D'Errico, Alessio (2018) Quantum walks and topological phenomena with structured light. [Tesi di dottorato]

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Item Type: Tesi di dottorato
Lingua: English
Title: Quantum walks and topological phenomena with structured light
Creators:
CreatorsEmail
D'Errico, Alessioderrico@fisica.unina.it
Date: 3 December 2018
Number of Pages: 164
Institution: Università degli Studi di Napoli Federico II
Department: Fisica
Dottorato: Fisica fondamentale ed applicata
Ciclo di dottorato: 31
Coordinatore del Corso di dottorato:
nomeemail
Capozziello, Salvatorecapozzie@na.infn.it
Tutor:
nomeemail
Marrucci, LorenzoUNSPECIFIED
Cardano, FilippoUNSPECIFIED
Date: 3 December 2018
Number of Pages: 164
Uncontrolled Keywords: Quantum walks; Structured light; Orbital Angular Momentum of light; topological phases
Settori scientifico-disciplinari del MIUR: Area 02 - Scienze fisiche > FIS/03 - Fisica della materia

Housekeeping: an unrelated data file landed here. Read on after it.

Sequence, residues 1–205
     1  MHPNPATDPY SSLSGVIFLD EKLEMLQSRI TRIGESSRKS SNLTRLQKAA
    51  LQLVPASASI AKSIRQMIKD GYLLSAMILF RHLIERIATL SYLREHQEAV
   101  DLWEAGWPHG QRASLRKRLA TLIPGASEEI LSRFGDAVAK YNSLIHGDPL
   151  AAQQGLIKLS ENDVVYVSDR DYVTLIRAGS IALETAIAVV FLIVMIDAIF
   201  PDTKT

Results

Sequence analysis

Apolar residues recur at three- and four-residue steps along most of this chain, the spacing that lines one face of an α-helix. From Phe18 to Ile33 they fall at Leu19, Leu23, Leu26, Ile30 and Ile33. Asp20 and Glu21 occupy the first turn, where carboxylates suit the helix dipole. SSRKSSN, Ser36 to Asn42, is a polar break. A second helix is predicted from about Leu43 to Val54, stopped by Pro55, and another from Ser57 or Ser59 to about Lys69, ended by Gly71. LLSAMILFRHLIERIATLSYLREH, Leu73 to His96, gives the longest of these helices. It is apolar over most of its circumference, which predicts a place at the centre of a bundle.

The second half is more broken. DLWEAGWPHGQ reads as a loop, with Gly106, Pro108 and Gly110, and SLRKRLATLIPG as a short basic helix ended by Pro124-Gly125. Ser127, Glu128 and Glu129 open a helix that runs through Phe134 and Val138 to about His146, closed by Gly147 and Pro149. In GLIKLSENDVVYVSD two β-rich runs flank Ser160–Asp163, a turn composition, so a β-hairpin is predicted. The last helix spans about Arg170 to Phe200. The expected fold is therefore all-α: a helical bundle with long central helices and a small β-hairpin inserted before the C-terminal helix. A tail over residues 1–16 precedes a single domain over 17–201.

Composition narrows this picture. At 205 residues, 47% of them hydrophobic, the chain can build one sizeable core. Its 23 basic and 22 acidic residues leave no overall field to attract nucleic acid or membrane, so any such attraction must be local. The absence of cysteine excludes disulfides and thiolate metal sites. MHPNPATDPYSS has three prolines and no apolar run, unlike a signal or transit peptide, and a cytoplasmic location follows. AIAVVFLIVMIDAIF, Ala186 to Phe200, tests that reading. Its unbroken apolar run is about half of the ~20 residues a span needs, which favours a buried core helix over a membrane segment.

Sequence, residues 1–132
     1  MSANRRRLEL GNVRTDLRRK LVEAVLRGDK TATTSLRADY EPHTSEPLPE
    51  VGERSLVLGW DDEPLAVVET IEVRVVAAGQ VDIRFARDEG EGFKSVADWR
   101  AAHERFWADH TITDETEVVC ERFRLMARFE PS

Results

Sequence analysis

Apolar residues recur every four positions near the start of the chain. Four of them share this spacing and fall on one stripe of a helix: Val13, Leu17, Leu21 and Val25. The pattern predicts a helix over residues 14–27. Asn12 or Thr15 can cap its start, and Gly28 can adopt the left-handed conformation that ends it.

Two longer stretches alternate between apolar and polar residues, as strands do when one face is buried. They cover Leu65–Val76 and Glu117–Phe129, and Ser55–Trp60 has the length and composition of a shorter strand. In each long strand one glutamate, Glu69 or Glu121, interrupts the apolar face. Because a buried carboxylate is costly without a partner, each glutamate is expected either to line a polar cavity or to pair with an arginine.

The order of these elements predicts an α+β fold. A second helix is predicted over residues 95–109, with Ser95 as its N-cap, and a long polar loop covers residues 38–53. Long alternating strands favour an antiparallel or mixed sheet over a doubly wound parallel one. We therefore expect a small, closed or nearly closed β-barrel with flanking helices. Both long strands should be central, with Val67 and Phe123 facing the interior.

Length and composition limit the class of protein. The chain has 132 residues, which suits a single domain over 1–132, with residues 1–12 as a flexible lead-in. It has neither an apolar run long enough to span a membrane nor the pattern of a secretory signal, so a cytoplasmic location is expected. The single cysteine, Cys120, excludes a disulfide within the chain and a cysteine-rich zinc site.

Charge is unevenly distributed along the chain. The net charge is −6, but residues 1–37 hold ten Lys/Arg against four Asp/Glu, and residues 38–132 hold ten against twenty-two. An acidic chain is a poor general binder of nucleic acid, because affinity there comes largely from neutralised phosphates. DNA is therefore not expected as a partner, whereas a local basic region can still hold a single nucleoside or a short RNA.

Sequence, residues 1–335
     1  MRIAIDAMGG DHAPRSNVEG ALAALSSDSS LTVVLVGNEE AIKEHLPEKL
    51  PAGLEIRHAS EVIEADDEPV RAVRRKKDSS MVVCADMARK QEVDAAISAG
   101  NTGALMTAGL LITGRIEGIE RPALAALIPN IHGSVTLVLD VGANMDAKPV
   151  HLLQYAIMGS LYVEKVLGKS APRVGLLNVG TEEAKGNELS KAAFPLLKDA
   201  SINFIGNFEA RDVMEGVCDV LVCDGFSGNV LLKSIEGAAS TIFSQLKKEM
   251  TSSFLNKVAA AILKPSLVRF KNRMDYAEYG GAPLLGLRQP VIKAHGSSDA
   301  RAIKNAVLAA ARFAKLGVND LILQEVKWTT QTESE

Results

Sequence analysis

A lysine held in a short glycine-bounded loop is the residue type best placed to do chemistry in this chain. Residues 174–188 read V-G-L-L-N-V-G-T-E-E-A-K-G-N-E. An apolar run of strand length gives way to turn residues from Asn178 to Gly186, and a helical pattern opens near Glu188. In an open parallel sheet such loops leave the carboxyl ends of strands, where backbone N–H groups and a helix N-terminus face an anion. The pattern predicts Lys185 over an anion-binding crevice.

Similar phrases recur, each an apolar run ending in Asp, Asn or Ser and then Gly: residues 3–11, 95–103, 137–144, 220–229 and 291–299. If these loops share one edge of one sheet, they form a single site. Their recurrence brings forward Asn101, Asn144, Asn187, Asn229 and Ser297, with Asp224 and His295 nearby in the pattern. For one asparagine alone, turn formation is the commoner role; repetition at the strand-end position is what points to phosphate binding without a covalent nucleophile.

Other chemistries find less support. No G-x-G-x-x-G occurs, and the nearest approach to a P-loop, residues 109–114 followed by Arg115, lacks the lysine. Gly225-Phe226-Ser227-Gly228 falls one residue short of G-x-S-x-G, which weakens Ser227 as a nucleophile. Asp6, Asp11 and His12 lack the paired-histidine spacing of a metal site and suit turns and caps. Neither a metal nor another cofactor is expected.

Date Deposited: 14 Jan 2019 15:29
Last Modified: 30 Jun 2020 08:48
URI: http://www.fedoa.unina.it/id/eprint/12464

Abstract

The manipulation of the spatial structure of a light beam has many application in both classical and quantum physics. The possibility to exploit high dimensional degrees of freedom carried by a light beam can be employed, among the various applications, for simulating the dynamics on quantum particles in multidimensional spaces. Coupling these degrees of freedom, like the orbital angular momentum or the transverse linear momentum, with the polarization of light (also associated with the spin) allows to implement quantum walks on one and two dimensional lattices. This work presents a series of experiments where these implementations of photonic quantum walks were realized exploiting patterned liquid crystal devices. In particular, the experimental setup allows to investigate interesting effects of the non-trivial topological features of the simulated processes, and test methods for the experimental measurement of topological invariants. This research has also led to the introduction of a novel method of characterizing unknown structured light beams and to the study of the stability of polarization singularities in laser beams.

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